There was one problem. Claremont and his closest collaborators — the artists he worked with, as well as the editors who backed him, most notably Louise Simonson and Ann Nocenti — couldn’t deliver on their own nearly enough material to meet that demand, though they appeared to have a solid grip on the core of the X-Men franchise. And other comics creators, spying the very large checks X-Men books generated under Marvel’s sales incentives program, wanted a piece of that pie.
That changed with the publication of Barry Windsor-Smith’s Weapon X serial in Marvel Comics Presents #72-84 (March-September 1991). Claremont for years resisted any attempt to fill in the gaps in Wolverine’s past, and now another creator was doing exactly that.
Cover art by Barry Windsor-Smith.
Suddenly, copies of Marvel Comics Presents were hard to find. I had missed a number of issues prior to Weapon X and had to track down the first issue in particular by visiting just about every store in the Phoenix area before finding one at, I believe, All About Books and Comics.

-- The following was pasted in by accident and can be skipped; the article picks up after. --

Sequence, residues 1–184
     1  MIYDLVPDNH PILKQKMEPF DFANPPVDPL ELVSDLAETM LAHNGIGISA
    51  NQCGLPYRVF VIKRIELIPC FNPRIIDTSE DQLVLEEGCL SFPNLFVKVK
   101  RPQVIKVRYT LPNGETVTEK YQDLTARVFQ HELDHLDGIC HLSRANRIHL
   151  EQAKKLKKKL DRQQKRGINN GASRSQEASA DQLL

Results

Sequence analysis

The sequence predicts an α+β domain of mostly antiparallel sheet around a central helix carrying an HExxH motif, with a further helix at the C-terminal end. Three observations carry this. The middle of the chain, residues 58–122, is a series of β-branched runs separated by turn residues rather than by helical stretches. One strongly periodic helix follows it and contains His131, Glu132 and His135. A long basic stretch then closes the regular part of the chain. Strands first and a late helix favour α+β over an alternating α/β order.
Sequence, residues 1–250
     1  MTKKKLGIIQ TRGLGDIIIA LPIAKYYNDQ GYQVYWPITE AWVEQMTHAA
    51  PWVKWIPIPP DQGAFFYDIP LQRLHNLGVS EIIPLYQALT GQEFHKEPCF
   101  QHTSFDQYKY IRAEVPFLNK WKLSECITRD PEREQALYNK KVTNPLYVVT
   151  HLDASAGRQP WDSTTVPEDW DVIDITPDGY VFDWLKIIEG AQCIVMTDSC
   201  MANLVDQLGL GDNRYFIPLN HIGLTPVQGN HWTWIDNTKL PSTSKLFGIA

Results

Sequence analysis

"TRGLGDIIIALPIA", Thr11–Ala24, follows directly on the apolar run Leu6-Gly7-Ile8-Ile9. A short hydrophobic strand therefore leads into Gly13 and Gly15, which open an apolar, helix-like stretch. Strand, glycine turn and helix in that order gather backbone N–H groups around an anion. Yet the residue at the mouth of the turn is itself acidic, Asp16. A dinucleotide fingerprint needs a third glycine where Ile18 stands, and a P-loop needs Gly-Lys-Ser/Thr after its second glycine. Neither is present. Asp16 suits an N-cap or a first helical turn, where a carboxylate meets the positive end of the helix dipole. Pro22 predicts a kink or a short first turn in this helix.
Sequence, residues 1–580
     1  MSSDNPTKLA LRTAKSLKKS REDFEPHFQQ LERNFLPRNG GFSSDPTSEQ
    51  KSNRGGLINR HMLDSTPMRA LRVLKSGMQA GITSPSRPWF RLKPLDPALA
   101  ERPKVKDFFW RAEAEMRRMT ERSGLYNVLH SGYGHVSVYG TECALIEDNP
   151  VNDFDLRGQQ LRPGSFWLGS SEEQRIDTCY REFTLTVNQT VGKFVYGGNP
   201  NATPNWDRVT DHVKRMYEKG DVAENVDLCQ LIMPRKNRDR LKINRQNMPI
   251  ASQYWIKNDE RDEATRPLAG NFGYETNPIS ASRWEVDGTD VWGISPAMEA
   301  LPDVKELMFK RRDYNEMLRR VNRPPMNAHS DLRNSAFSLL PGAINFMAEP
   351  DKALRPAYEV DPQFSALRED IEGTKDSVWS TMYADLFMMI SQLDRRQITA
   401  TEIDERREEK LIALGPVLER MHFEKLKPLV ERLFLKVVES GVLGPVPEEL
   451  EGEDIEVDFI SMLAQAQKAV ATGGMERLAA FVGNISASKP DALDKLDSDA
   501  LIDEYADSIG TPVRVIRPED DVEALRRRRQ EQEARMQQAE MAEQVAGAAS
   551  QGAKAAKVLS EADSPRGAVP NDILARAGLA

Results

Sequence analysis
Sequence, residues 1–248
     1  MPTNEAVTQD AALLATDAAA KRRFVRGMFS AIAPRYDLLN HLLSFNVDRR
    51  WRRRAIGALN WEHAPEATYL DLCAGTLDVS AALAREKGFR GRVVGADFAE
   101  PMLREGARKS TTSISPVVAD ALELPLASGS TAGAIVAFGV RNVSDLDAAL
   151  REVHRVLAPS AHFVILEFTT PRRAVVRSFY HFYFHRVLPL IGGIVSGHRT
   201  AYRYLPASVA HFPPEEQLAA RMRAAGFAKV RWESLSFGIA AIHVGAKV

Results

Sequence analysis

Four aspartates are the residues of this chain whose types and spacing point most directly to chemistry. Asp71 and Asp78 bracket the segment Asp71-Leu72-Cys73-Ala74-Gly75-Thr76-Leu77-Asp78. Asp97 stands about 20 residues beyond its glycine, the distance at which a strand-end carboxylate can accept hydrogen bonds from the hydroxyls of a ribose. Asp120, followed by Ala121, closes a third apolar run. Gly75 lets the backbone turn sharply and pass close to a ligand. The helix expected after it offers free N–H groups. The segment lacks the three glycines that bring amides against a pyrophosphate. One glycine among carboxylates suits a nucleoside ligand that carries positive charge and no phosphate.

As the release of X-Force #1 approached, there was a lot of excitement because, for the first time I could remember, comics were becoming popular within the larger culture. I saw people wearing X-Force T-shirts at Target. The Levi’s TV ad featuring Rob Liefeld and Spike Lee was a minor sensation on TV. Comics shops on new release day and weekends were crowded.
And suddenly the comics world didn’t seem so distant from the rest of the world.
I stopped by AAA Best the day that X-Force #1 came out — the first week of June 1991 — to pick up my regular stack of comics as well as take part in that momentous event. The store was more crowded than I’d ever seen it, with people lining up to buy huge stacks of copies of that issue. One guy proudly boasted that he was buying 25 copies of the book – and that this was nothing compared to what he was going to get when X-Men #1 came out.
Cover art by Rob Liefeld.